You’ll feel like you’ve been given an awful lot of words in order to write just a few.
You’ll feel like a lot of people (who aren’t copywriters) think they can do what you do.
You’ll feel like you’re breaking loads of writing rules. (When really, there are none important enough to remain unbroken.)
You’ll feel like other writers do your job way better than you. (The people you admire feel the same about the people they admire and so on and so on.)
You’ll feel like your pencil is too heavy.
You’ll feel like your fingers never hit the…
I read an interview once with the novelist Nelson Algren where he said this:
The knowing, or not knowing, of stuff has preoccupied me one way or another for the entirety of my creative life.
The early expression of this fixation with knowledge was in direct opposition to Mr Algren. On the contrary I, who knew so very little, felt that ‘knowing’ was surely connected to ‘doing’ by one long and immaculately paved highway.
And so, when I was asked or expected to know this or that, I would do anything other than concede I did not. And know this…
At this point, I find the most useful copywriting advice I give is to simply share the dependable counsel offered by other writers.
But while all the most useful instructions for writing better copy have been shared and shared again, ours is a profession that — like a child on an icy path — skids determinedly ahead every time we try to stop.
There are techniques I used as a young writer that I left behind with my dreams of growing a proper beard — and that would catastrophically derail my process were I to dust them off now.
I couldn’t explain why exactly, but creative people seem, in my experience, more dependent on heroic figures than most.
Perhaps it’s to do with the nakedness of the creative life — where you expose your most personal efforts to the world again and again. If that’s the case, a hero on your shoulder — the more adamant and unyielding the better — is the only real source of reassurance we’re able to insist upon.
And yet, certainly in a creative field like advertising, we too often choose the wrong sort of hero for the job.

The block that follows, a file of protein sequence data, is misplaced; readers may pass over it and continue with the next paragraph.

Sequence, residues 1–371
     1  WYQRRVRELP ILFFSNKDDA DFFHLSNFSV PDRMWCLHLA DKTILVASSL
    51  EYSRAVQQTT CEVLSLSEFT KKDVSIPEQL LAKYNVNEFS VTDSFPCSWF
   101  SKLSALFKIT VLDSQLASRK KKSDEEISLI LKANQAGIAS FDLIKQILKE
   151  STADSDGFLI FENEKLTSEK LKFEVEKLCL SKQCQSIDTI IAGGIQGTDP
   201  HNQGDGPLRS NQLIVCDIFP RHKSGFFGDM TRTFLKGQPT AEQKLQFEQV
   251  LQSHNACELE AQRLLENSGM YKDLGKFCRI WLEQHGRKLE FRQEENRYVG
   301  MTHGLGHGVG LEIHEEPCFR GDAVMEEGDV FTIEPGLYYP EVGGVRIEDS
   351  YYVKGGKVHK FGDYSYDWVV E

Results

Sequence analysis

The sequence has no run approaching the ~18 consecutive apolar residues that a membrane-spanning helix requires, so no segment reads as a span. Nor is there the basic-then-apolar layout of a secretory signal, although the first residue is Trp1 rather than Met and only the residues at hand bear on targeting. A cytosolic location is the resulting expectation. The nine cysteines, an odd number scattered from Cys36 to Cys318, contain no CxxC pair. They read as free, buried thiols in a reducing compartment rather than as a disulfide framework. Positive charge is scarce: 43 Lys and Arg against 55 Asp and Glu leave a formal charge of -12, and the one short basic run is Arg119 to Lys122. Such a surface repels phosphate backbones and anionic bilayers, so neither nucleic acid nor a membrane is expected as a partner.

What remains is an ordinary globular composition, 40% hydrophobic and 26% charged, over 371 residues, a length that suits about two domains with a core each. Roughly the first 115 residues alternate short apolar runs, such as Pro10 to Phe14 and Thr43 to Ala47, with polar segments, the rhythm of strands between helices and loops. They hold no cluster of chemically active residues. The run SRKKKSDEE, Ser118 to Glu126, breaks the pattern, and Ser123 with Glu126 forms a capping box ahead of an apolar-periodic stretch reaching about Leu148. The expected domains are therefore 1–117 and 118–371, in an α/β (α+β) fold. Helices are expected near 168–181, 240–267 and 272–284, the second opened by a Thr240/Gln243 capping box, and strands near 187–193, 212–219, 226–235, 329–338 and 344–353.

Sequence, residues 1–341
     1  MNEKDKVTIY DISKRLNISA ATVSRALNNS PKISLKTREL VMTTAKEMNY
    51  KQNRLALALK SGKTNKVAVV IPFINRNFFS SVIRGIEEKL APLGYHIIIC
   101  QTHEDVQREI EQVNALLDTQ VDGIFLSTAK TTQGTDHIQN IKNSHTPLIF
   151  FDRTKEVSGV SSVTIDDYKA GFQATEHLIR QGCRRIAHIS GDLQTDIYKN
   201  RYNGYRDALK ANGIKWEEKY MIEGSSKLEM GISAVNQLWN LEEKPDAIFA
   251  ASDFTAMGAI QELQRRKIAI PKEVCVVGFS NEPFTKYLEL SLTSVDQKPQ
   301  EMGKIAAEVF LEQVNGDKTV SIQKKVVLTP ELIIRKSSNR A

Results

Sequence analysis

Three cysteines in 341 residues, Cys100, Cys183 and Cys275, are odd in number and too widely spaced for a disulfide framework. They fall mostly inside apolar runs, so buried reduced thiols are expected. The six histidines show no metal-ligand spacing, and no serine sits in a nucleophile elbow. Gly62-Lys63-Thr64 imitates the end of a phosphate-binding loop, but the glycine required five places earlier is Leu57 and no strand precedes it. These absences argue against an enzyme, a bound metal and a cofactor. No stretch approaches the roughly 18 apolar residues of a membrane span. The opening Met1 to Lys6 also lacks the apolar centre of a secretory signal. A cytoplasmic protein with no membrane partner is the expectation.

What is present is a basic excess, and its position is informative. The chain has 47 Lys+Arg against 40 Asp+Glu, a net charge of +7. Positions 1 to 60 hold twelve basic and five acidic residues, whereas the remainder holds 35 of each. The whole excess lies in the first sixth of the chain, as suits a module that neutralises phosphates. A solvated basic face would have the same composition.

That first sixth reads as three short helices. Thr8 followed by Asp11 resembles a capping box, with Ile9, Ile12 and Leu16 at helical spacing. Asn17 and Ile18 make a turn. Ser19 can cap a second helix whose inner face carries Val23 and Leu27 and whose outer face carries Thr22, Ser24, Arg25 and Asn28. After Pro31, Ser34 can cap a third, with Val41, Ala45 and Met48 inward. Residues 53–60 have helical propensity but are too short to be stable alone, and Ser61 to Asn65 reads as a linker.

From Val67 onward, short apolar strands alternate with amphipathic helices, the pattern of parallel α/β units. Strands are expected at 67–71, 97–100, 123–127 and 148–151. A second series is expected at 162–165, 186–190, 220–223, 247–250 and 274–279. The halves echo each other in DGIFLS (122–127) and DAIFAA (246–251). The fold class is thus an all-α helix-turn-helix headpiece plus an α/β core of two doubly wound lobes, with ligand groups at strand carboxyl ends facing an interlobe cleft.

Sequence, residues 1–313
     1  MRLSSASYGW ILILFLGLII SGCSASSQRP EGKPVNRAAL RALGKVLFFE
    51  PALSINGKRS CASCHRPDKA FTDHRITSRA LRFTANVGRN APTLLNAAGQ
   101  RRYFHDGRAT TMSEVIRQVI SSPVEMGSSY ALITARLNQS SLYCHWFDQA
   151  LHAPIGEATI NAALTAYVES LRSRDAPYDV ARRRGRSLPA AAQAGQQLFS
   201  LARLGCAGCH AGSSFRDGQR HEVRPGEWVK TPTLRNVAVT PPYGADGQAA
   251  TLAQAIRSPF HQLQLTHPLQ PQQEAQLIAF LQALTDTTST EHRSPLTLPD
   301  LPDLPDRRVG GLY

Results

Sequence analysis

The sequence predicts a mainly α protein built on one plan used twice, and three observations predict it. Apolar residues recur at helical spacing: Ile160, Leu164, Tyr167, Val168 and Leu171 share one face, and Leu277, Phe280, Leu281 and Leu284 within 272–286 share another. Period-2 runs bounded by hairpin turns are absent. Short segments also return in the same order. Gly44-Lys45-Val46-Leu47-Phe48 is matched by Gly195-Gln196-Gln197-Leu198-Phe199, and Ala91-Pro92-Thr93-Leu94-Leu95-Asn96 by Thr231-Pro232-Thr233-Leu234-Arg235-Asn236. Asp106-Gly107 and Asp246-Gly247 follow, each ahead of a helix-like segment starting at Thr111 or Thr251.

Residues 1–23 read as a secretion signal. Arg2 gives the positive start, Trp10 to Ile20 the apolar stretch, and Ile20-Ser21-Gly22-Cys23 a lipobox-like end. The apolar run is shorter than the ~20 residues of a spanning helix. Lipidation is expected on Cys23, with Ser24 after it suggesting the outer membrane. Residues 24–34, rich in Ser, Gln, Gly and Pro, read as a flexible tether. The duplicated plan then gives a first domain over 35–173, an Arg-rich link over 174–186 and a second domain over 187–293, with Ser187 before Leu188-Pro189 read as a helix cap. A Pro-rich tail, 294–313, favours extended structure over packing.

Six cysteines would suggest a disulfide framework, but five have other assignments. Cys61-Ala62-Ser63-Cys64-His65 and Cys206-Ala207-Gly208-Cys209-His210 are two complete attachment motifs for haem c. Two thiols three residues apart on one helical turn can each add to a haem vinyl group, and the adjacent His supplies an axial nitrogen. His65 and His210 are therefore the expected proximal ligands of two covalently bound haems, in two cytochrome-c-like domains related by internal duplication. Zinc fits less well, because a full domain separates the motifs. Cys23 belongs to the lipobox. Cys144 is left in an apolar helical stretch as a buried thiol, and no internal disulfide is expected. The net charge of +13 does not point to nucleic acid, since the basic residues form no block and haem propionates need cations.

I would expect some —…
My A-level choices were made thusly: Geography (because we got a week’s trip to Poole). Psychology (because I had/have a debilitating Agent Mulder Complex) and English (because I liked books).
In many ways, all three have benefited me as a copywriter (who now also teaches other people to be copywriters). Copywriting is, after all, a combination of all three. Psychology gives us insights, English gives us expression, Geography allows us to choose a place of work safe from the unrelenting threat of coastal erosion.
But, while my English A-level probably did more than any other class to push me towards…
The downside to teaching on a Creative Advertising course is, quite simply, the envy.
How can these students know so much? How can they be so endlessly curious? How can they be not only creatively adventurous but strategically perceptive. How can they be all of these things, and so much more, and yet not be old enough to remember Byker Grove?
I envy their brilliance so much that I’m determined to send them out into the creative world, where their winning personalities and many triumphs will no longer be rubbed in my sad, old face on a daily basis.
Chasing perfection is like digging a hole. It has no point, it has no end and it only serves to take you further away from the world.
There is no honour or glory in perfectionism — it’s no more heroic than any other task that diverts you from a truly worthwhile goal: improvement.
But creatives in every field — from the commercial to the purely artistic — are, at some point in their careers, made to fear the mistake.
And yet there’s no binary notion of ‘right and wrong’ in creative work. The ‘right’ idea can be a cul-de-sac of…
George Clooney is a likeable man. He is handsome and well-dressed. He is charismatic and self-effacing. He uses his privilege to do good in the world. He was decent enough to force Hollywood into dramatically rethinking the sort of Batman films that should be made.
And yet, his Nespresso adverts are awful. Alternating between desperately overwritten and almost catatonically underwritten, they are bad ideas made into bad adverts and are about as welcome in our finite stores of attention as a pirate’s toe in your Frosties.
I say ‘his’ adverts but George does nothing more than say what he is…
Copywriting is knowing who to ignore.
It’s never letting any word seduce you.
It’s the fear of the predictable.
It’s the physics of desire.
Copywriting rarely begins at the beginning.
And ends somewhere you don’t see.
Copywriting is rifling pockets.
It is snuffling for treasure.
Copywriting is a microscope strapped to a telescope.
It’s getting lost on purpose.
It’s curiosity, weaponised.
(Copywriting is a bad way to get rich.)
(And copywriting for awards is like joining the fire brigade for the poles.)
Copywriting is a clock’s tick in an expensive car.
It’s a gorilla with drumsticks.
Copywriting is learning before…
Typically, I would feel like a hideous fraud offering advice to anyone about anything.
But, with these five terrible copywriting habits, the fact that I have/do/will always suffer from them, makes it all a little less awkward.
Copywriting, in my experience, is a series of brutal humiliations punctuated by punctuation.
It is, fortunately, a profession in which wild and frequent failure is not merely excused, but expected — at least for any writer who realises that risk and triumph tend to share the same square on the board.
But even if we are taught to embrace our mistakes, that doesn’t…